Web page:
Editorial: No Way to Treat Our HeroesSeptember 13, 2021
Healthcare workers risked it all to save the country. Management needs to stop playing with our lives.
For more than 18 months, healthcare workers have led America through the COVID-19 pandemic. First, in March 2020, during the darkest days of the onset, the faces of weary caregivers lit the way to hope and to a time after the pandemic. And as the country fell into lockdown silence, it was the steady but exhausted, voices of healthcare workers that reminded us there was a way forward. And again now, as the delta variant rages among the unvaccinated and hospital beds are filling up and stretching caregivers to the breaking point, it is our healthcare workers who are doing the work of education, connection, and community building to help reduce vaccine hesitance and save lives.
For the last year-and-a-half, along with sirens and the cries of the sick and bereaved, the word hero rang through the national conversation. Everywhere, every day, a television talking head reminded us—those who needed no reminder—that healthcare workers are heroes and how very, very grateful we should be to them all. There were photo ops and camera glare. Scrubs became the new superhero uniform. While the sentiment was appreciated, it wasn’t news. Caring is and always has been our superpower. The lives we save each day are a testament to that. We don’t need capes or letters on our chests.
But what we do need is to be able to pay the rent, feed our kids, or keep the lights on. While we were have been lauded as heroes and showered with confetti and nightly applause, we have been fighting. Fighting exhaustion. Fighting to stay alive. Fighting for the lives of our loved ones afflicted with COVID. Fighting to educate our communities. And fighting the longstanding systemic inequities that are keeping people from getting life-saving healthcare and vaccinations.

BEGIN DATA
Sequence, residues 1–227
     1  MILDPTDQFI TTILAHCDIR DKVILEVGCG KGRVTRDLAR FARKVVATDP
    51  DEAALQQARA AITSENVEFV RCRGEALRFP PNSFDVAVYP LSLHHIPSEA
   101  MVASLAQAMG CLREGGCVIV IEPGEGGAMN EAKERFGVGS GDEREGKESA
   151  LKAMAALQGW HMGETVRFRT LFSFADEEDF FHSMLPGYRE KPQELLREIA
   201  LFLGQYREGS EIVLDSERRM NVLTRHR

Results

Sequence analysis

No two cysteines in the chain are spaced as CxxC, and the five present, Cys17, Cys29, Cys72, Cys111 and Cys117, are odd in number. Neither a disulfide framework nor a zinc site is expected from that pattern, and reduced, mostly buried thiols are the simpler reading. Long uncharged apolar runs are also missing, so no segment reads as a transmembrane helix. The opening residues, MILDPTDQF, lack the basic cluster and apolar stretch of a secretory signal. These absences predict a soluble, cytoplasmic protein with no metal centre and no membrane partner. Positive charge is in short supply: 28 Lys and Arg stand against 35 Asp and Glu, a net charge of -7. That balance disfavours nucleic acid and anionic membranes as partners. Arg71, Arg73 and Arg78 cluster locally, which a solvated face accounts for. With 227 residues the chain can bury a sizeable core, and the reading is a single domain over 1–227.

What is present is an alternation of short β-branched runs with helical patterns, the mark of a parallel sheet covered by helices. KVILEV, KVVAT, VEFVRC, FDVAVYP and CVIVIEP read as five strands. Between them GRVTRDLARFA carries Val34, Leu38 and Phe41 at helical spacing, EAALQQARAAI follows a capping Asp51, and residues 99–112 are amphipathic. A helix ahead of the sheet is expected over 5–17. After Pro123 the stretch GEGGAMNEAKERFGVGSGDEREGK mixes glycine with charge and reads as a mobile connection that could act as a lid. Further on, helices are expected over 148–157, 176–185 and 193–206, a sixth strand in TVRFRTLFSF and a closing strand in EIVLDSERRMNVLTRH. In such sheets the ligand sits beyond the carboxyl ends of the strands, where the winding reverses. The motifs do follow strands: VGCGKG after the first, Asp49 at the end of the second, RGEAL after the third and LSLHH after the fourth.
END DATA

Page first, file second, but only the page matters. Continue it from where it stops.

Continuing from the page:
Caring is our superpower. The lives we save each day are a testament to that. We don’t need capes or letters on our chests.
We’ve also been fighting for basic personal protective equipment, hazard pay, and legislation and resources to secure our jobs and industries so the healthcare services are there for the future generations who will undoubtedly need them.
Too often, we’re fighting management. In New York State, hundreds of thousands of hospital and nursing home workers are fighting for fair contracts. In addition to the Group and Greater nursing home negotiations, 1199ers are bargaining for our “gold standard” agreement with the League of Voluntary Hospitals and Homes. Both sets of talks opened with employers crying poverty—nothing new in this very new COVID world. Still, it’s hard not to be dismayed at such a display of callousness toward the very people who risked their lives to keep their institutions functioning day during one of the darkest chapters in modern American history.
So, you know what? We’re going to keep fighting. We’re not going to let any caregiver be nickeled and dimed or disrespected. We’re going to make sure that every boss everywhere knows that this is no way to treat our heroes.